3. Probiotics: While cleanliness helps us avoid some harmful allergens and bacteria, it also eliminates the good bacteria. A new study out of Sweden (epub in Current Allergy and Asthma Reports, May 3, 2011) suggests that the use of probiotics as well as other specific dietary nutrients throughout pregnancy can have an effect on allergen tolerance of the child. “Emerging evidence suggests that exposures during pregnancy and the early postnatal period can modify gene expression and disease propensity. Diet is a major environmental exposure, and dietary factors, including polyunsaturated fatty acids, probiotics, oligosaccharides, antioxidants, folate, and other vitamins, have effects on immune function. Some also have been implicated in reduced risk of allergy in observational studies.” (2) For more information concerning the benefits of probiotics, check out my article on the subject.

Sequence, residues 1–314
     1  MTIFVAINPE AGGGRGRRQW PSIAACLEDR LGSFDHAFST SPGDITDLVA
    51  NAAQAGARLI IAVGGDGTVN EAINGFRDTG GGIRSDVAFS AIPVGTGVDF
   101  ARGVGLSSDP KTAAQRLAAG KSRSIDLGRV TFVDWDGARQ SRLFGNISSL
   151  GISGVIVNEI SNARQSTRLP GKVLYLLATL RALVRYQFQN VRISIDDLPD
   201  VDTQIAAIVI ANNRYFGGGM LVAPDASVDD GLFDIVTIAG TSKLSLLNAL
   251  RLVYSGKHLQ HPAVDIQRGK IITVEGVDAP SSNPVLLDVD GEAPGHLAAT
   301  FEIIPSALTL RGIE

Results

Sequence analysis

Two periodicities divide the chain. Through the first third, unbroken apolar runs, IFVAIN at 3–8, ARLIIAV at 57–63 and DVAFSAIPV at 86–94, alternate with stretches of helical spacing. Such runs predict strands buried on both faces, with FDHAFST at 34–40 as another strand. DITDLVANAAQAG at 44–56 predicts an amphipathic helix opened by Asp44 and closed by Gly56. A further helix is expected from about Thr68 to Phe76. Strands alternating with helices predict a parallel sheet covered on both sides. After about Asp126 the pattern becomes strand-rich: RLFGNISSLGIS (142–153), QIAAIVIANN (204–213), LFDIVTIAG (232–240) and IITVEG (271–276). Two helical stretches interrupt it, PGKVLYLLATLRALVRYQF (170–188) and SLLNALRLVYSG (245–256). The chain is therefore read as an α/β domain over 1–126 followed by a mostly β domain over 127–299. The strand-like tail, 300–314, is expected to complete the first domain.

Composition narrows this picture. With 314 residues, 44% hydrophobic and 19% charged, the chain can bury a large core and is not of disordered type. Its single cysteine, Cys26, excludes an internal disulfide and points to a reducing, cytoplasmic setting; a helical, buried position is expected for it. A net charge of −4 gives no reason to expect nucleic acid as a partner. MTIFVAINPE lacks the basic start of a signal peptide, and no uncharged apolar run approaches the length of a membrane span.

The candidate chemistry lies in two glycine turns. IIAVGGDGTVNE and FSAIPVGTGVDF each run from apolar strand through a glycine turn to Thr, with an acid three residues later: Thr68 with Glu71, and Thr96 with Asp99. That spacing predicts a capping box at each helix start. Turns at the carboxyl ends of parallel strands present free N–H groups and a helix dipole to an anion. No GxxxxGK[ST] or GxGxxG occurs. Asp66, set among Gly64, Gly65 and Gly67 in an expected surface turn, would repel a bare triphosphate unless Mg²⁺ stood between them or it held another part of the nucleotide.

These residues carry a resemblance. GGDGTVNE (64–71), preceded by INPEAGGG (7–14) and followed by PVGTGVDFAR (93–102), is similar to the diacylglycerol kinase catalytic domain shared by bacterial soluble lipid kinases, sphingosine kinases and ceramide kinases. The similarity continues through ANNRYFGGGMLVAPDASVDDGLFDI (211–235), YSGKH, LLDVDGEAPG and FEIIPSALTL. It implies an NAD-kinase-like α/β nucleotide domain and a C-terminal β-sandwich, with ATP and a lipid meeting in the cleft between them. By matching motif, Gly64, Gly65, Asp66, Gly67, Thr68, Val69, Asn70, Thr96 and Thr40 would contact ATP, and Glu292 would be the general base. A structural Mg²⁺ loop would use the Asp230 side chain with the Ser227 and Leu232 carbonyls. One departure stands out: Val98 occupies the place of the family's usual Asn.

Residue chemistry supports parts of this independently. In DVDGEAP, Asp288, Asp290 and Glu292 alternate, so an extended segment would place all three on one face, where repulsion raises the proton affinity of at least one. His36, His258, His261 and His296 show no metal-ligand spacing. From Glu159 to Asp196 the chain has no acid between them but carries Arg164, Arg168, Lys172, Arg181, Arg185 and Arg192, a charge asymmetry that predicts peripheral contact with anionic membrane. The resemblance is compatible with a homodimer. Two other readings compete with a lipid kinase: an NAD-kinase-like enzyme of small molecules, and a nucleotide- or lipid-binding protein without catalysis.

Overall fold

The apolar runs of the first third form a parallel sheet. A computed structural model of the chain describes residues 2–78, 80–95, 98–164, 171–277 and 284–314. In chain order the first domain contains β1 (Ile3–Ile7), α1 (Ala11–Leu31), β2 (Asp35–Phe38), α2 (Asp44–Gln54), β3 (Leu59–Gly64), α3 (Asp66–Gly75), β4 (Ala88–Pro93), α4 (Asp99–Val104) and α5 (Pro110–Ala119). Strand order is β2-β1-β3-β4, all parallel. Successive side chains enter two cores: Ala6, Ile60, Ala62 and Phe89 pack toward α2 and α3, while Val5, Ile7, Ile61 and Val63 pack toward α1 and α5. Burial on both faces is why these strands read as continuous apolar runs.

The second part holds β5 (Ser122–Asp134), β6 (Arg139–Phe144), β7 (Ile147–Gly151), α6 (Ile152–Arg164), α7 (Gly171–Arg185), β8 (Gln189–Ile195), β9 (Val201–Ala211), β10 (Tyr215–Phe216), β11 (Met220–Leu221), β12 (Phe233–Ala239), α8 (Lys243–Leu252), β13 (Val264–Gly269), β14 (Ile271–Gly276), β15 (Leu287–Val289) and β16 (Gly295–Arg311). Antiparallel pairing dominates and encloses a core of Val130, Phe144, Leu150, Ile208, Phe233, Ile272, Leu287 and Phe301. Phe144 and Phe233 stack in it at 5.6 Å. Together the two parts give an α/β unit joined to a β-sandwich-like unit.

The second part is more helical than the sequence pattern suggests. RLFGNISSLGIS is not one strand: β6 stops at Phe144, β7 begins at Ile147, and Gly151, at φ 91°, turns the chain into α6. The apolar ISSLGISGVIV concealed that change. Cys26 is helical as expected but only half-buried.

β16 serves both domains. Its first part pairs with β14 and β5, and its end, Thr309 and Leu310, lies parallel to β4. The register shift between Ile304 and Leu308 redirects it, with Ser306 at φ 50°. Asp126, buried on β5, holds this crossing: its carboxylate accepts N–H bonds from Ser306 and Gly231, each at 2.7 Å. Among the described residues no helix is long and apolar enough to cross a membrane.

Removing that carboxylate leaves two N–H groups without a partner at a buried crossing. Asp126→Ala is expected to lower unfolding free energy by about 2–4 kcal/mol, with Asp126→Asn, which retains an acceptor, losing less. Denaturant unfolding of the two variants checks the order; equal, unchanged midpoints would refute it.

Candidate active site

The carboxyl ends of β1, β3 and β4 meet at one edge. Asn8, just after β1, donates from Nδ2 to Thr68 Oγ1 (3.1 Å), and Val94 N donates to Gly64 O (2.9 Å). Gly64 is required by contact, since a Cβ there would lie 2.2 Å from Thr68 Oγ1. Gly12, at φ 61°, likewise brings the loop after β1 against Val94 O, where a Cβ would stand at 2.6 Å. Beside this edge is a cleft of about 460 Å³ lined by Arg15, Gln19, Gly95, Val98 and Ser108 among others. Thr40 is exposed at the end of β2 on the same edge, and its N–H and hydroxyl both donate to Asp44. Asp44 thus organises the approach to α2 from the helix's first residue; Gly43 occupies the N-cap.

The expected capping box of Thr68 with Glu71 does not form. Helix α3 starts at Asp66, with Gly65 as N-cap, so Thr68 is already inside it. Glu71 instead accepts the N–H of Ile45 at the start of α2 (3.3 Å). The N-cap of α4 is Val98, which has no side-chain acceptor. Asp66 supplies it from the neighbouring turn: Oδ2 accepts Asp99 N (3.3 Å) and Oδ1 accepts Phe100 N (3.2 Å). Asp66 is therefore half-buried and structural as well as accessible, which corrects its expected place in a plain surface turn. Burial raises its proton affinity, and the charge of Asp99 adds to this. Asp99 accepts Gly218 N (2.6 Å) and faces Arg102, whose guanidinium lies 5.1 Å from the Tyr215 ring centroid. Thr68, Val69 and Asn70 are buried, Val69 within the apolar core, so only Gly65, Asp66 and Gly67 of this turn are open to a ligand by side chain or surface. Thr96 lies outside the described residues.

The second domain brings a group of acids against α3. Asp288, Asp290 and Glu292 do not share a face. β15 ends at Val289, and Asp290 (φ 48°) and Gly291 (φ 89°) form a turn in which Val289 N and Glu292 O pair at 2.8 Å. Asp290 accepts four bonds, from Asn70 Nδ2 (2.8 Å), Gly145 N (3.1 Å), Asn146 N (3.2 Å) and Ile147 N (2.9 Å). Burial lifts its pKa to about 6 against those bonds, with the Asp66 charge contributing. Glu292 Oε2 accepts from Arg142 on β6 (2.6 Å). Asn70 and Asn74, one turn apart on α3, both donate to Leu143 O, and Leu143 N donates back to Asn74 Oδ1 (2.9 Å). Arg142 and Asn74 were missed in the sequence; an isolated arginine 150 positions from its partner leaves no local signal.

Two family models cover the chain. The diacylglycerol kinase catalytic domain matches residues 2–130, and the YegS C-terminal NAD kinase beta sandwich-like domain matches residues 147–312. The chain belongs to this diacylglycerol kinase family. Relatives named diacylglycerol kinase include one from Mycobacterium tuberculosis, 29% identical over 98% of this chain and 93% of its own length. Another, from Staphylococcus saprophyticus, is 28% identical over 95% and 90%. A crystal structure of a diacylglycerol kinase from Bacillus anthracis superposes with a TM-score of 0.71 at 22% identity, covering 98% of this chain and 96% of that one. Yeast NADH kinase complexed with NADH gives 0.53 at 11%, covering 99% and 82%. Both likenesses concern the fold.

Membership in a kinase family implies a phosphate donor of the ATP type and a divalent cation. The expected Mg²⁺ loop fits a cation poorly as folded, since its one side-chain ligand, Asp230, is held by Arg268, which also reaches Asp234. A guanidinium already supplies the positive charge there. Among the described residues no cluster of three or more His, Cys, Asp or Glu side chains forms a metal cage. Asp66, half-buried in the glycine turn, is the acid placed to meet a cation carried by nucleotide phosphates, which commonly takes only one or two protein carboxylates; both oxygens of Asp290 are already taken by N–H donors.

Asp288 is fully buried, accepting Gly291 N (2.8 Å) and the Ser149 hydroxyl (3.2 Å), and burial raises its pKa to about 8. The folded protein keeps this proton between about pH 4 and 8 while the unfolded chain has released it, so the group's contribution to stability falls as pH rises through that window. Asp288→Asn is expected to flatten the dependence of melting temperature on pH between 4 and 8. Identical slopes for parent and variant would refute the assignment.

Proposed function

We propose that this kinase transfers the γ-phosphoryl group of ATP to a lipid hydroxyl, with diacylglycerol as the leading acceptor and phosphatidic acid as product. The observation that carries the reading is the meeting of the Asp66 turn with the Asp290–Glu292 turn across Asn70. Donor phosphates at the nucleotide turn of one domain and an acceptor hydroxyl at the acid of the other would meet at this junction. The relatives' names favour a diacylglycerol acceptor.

4. Foods: Foods rich in anti-oxidants are touted as beneficial for allergy sufferers. Green tea, berries, nuts, pineapple, and legumes are good choices. Avoiding processed foods that increase inflammation is critical. That being said, sometimes any foods can be allergy triggers, worsening seasonal allergy symptoms and other health conditions. Again, it is best to talk to your doctor to determine which course of action is best for you. If you suspect foods to be exacerbating your symptoms, you may want to learn more about food sensitivities at http://leapdiet.com
5. Supplements: During an allergic response our immune system has become our “enemy”. The resulting chronic inflammation depletes our anti-oxidant defense system, leading to damage to surrounding normal tissue. Scientists have been studying a number of nutrients that have shown to decrease the inflammatory process. (3,4) Among the most popular are grape seed extract and a flavonoid compound known as quercetin.
Quercetin belongs to a group of polyphenolic substances known as flavonoids. High quality multi-antioxidant supplements similar to USANA’s Vita-Antioxidant contain bio-available quercetin, which is also found in onions, red wine, and green tea.